The United States of America is the result of an audacious dream.
At a time when kings and queens were the norm a group of radicals dreamed of a place where the will of the people would govern; a radical and dangerous concept at the time. And ever since, dreaming has defined our political and social fabric—“the American Dream,” “I Have a Dream,” “the Dream Shall Never Die,” “Dreams of My Fathers.”
So it is fitting that a simple law which offers a pathway to citizenship to thousands of innocent and promising undocumented children and young adults is called the “Dream Act.” The law hardly brings about the sweeping changes needed to fix the broken immigration system. But it represents a bold first step toward a desperately needed comprehensive overhaul of the dysfunctional law that stymies American business and separates families across oceans. When you think about it, the Dream Act is a no-brainer—a win-win for everyone. The deserving kids get a chance at the American Dream and, in exchange, America gets their demonstrated commitment to its vitality and future.
That’s why it was so frustrating yesterday to watch the Senate Republicans obstruct yet another legislative initiative; this time in the context of a procedural vote on a motion to proceed to consideration of the fiscal 2011 defense authorization bill (S. 3454). That means the Senate won’t be able to consider the Dream Act as an amendment to the bill along with other issues like the repeal of the “Don’t Ask, Don’t Tell” policy regarding gays in the military. At the risk of sounding too partisan, it just seems like in their zeal to thwart President Obama and the Democrats the Republicans in Congress will obstruct anything they do, even if it helps the country.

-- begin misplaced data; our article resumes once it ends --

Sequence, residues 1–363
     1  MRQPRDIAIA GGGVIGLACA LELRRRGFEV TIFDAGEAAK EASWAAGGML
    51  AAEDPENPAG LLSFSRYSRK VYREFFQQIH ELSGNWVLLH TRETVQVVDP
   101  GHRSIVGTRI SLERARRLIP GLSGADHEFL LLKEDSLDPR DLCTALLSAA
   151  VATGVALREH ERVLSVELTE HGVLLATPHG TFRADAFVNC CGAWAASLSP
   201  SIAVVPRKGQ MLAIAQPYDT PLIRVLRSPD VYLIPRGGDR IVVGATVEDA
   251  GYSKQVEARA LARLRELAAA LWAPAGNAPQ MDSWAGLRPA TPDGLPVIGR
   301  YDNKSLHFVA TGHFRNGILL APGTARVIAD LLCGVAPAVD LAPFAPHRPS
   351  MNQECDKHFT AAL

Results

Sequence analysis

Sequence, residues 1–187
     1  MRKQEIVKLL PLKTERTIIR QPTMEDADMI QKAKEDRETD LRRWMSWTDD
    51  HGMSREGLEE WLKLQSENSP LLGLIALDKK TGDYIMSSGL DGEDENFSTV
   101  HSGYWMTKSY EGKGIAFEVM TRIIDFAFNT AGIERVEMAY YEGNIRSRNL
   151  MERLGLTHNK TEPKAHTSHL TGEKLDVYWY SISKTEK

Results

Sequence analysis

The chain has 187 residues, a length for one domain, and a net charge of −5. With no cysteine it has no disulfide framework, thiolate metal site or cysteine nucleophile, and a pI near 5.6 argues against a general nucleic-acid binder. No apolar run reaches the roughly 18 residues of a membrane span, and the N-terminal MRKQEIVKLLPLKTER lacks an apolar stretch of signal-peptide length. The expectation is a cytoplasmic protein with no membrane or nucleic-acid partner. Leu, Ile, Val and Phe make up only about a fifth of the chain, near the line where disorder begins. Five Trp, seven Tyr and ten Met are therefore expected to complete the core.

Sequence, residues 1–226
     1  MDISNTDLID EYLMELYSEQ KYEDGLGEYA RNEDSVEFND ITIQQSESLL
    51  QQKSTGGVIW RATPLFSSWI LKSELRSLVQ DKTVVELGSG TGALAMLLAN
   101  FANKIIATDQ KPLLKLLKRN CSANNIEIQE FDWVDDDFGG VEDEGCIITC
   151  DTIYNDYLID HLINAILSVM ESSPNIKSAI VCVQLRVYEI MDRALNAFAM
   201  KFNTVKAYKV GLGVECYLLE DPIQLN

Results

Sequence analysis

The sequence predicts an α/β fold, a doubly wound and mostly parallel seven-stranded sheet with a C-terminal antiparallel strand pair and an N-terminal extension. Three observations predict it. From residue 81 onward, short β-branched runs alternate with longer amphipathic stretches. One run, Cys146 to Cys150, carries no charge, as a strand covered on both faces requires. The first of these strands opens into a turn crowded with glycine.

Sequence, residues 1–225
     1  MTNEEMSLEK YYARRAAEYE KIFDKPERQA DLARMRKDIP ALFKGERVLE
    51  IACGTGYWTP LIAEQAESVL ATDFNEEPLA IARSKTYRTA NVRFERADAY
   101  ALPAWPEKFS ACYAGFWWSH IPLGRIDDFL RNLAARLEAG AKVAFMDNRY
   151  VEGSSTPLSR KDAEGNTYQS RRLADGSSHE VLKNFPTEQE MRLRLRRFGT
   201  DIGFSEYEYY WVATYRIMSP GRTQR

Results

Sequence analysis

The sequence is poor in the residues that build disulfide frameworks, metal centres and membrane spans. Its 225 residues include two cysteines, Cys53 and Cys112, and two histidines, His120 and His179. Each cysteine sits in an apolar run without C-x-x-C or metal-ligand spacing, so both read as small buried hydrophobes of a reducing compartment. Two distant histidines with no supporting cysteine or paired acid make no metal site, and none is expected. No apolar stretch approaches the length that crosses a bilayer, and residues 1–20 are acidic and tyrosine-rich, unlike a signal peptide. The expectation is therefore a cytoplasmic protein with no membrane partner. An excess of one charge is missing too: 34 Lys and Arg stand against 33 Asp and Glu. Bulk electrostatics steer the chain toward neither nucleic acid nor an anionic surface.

So the promising youth that will benefit from the Dream Act have to wait a little longer. And so will America, which will reap tremendous rewards from their full participation in American society. Even the Defense Department understands the value these young people bring to the U.S. and strongly supports passage of the Dream Act as one of its official goals for helping to maintain “a mission-ready, all-volunteer force.” And educators and others who also support the act recognize how much better it is to encourage the aspirations of young people, not to consign them to lives of under-the-table jobs and unmet potential.
The Dream Act targets for future citizenship exactly the kind of people America should be embracing: young soldiers, scholars, strivers, future leaders.
Make no mistake, the nasty obstructionism that plagues Congress is more than just, as President Obama calls it, “the silly season of politics.” It is a fight for the soul of America. It is about our essence as individuals, as a people, as a culture, and as a nation. It is about where we have been and where we are going. What kind of a country do we want to be? Do we want to be a welcoming nation that opens its arms to people from all over the world, and from all walks of life? Or do we want to turn our backs on those in need and restrict, out of ignorance and xenophobia, critical opportunities for engineers, entrepreneurs, researchers, scientists, and, of course, promising children?
I know which nation I want. And I will continue to dream. So, when the opportunity arrives, and Congress is ready to work, I will be the first in the line to call the Hill and urge them to support the Dream Act. We won’t let this Dream fade away and we can all fight together to prove that dreams can come true.